Māori Kaihautū (Leader, representative, steersman) - Māori Role Model Award for either supporting other Takatāpui/LGBTI people or representing Takatāpui/LGBTI people positively.
VOTED ON AND JUDGED
Awa made a documentary, ‘Born This Way: Awa’s Story’ to advocate transgender rights and to change people’s negative perspectives on trans people. She wanted to raise awareness about lack of surgery in NZ and how crucial family support is.
Awa participated at the Māoriland Film Festival in Rarotonga to film with youth to make short films and stories from the rangatahi, their whakapapa, their whenua
DR ELIZABETH KEREKERE
After 35+ years of Māori activism and community work, Elizabeth Kerekere is best known for her work for takatāpui (Māori LGBTIQ) and Rainbow communities, Treaty advocacy and youth development.
Known as ‘Whaea’ or the ‘Takatāpui Queen’, Elizabeth is founder and Chair of Tīwhanawhana Trust (for takatāpui well-being and advocacy 2001). She produced the first major research on takatāpui in her thesis Part of the Whānau: The Emergence of Takatāpui Identity - He Whariki Takatāpui. Her suicide prevention resource Takatāpui: Part of the Whānau (with Mental Health Foundation 2015) was the first of its kind in the world. She followed that with Growing Up Takatāpui: Whānau Journeys 2016 (with RainbowYOUTH 2016).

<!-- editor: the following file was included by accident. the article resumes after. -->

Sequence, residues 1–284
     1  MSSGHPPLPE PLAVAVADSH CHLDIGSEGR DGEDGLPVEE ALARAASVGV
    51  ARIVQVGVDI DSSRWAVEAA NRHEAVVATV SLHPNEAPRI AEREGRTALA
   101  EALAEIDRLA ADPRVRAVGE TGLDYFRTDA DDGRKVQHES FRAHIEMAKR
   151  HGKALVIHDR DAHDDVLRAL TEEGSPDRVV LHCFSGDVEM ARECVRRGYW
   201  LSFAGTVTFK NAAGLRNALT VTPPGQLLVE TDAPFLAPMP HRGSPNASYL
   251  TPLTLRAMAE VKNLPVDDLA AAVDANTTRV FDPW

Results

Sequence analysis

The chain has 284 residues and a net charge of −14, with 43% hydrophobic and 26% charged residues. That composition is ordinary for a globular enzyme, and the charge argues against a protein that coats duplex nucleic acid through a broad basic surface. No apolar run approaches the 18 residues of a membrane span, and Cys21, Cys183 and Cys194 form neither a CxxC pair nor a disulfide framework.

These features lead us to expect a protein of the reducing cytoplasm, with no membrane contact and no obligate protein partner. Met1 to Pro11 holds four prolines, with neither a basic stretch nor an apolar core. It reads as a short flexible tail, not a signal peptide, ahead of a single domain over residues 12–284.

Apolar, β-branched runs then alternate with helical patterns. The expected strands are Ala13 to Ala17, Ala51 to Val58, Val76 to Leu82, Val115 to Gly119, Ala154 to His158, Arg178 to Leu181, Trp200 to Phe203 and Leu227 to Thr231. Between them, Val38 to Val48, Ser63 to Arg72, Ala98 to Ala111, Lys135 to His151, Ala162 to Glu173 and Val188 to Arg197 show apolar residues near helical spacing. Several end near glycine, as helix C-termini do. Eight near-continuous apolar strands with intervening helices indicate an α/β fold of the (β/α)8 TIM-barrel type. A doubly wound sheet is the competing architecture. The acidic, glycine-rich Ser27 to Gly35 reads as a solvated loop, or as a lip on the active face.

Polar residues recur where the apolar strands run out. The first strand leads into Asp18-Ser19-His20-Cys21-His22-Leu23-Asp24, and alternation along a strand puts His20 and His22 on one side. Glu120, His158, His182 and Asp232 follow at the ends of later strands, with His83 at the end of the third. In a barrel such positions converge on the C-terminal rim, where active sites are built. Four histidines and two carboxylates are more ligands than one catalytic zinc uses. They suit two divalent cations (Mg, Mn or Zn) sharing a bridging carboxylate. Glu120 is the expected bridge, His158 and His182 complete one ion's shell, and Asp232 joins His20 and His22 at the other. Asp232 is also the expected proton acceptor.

Proud Post op Transexual advocate
Grace has been supporting young transgender sisters and brothers all over New Zealand with advice on hormone treatment and surgeries. Grace also organises collaborations with other organisations to create safe spaces to promote Transgender at events such as Big Gay Out and Takataapui hui.
Grace has also been a speaker for the last 3 years at events such as NZPC's 30th birthday, Trans Remembrance day in Auckland, kai rua's first event in Hamilton and Takataapui Hui workshops.
One of Grace’s greatest achievements is being a founder of Te Rakei Whakaehu, a charity group based in the Waikato area, focusing on improving and helping the LGBTI community.
Tai Waru is an Indigenous Maori woman from the Te Atiawa, Taranaki, Tainui, Nga Puhi and Ngati Kuri tribes of New Zealand.
In 2018 Maori were acknowledged and recognised as an important voice as part of the Parade. Tai is an advocate for cultural inclusion and her greatest passion is to promote and engage positive and harmonious relationships in the community to provide better opportunities for LGBTI.
Tai commissioned a Rainbow Korowai from Waikato designers’ Te Whare Arangi, which was gifted to the LGBTI community for events such as Celebration of Life or Achievements.
The korowai is named Hononga representing Unity and Pride.
Tai has encouraged LGBTI people to embrace their culture and sexual identity by leading with strength and mana.